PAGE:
A hand hanging out of a car window lies motionless in the dewy Florida grass. As a crew member checks for a pulse, other safety workers begin assessing the options for extraction and prepare a neck brace and backboard so that they can stabilize the victim once the driver is out. Sliding a specially constructed sling underneath the driver, the rescuers hoist the driver out through the roof and gently lay him on the ground for further assessment. The driver being extracted is actually World of Outlaws Sprint Car Series Director Carlton Reimers, and this is not an accident scene. This is a classroom.
As part of the continuing effort to make racing safer, World of Outlaws and DIRTcar Racing Officials gathered behind Volusia Speedway Park on a dank Florida morning for comprehensive hands-on safety and rescue training by ESI Race Track Safety Services as a part of their Short Track Incident Response Program. The SFI-accredited course ran participants through a myriad of stations, allowing hands-on skill-building in situations such as airway and hemorrhage management, helmet and Hans removal, fire suppression and controlled rollover.
“I think the guys had their eyes opened,” said Instructor Blaine Bates. “They learned about tools they had never heard of and techniques they had never thought of, so I think everyone walked away with some lessons.”
After seeing the training course up close at last winter’s PRI show, World of Outlaws Sprint Car Series Technical Director Tom Devitt and World of Outlaws Late Model Series Safety Coordinator Tyler Bachman knew they had to find a way to bring this training to their touring series. While the course is mainly marketed to track owners and promoters, Bachman, who is also an experienced firefighter, saw the value of bringing that same methodology to the series. Because the series doesn’t travel with its own rescue personnel — opting instead to use local fire and rescue units, as well as track-managed safety workers — this was an opportunity for crew members and officials to get up-close and hands-on training outside of their everyday realm.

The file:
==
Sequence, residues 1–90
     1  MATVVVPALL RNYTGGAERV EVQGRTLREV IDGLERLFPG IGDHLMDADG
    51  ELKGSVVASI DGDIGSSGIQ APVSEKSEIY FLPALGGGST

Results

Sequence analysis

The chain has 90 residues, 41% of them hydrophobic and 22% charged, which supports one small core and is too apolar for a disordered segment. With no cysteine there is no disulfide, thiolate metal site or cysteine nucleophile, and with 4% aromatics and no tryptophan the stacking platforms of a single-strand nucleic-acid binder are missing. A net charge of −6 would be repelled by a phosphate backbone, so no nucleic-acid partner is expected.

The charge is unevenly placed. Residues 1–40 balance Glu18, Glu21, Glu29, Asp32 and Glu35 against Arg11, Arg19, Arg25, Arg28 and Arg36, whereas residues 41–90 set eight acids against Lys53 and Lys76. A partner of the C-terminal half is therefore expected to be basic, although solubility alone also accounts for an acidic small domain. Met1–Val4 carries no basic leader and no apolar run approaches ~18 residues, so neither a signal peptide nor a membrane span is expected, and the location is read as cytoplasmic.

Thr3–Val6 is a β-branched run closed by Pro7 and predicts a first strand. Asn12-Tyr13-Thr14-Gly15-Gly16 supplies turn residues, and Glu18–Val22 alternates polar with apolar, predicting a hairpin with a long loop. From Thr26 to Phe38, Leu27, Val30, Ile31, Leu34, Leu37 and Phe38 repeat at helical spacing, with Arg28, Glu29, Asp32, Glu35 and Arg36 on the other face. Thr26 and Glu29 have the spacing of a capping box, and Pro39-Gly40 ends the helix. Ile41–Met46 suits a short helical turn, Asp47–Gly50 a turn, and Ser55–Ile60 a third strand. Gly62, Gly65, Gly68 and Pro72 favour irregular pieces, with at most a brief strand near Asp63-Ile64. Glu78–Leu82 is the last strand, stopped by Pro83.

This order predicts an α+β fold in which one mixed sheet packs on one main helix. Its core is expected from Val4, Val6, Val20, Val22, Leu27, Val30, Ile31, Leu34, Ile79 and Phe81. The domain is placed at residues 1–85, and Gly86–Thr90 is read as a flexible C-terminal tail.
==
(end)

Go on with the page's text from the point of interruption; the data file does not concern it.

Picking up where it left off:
“Even if you only learn one thing, it was worth it for us as a company. To get us to the next level, I think we do things like this to get there,” said Bachman. “We learned some new techniques, like different ways to cut out seats and roll over overturned vehicles. It was important for us to have everybody involved, including the series directors, the guys in the tower and our on-track people. Now everyone understands what is going on and can jump in if they need to. It also helps people who aren’t down on the track understand the time and effort it takes to do this so nobody seems rushed.”
Super DIRTcar Series Tech Director Mark Hitchcock experienced his first training of this kind. After the course he reflected, “I think that the whole thing was a good overview of safety applied under the motorsports banner. These guys go to race tracks and they have guys on staff that can do extractions, first aid and some of the basic stuff, but some of those guys don’t know how to take a helmet or a Hans device off of a driver. For us, because we travel to other sanctioned tracks, we need to be able to relay that message of safety and show local track personnel that they can elevate their skill sets by being introduced to a motorsports safety program such as this one.”
After wrapping his up his stint as a crash test dummy, Reimers said, “I thought it was very comprehensive and really opened my eyes to how intricate extricating a driver can be. I mean, who would have thought that a Sawzall with a special tipped blade was faster at cutting through a frame than the Jaws of Life. That’s only in certain situations, of course, but I would have never known. I hope we do more of this training in the future.”
The course is available for track owners, local rescue crews, and any other motorsports affiliated company that might benefit from it. To request a Short Track Incident Response Program at your facility, or attend a scheduled class, contact: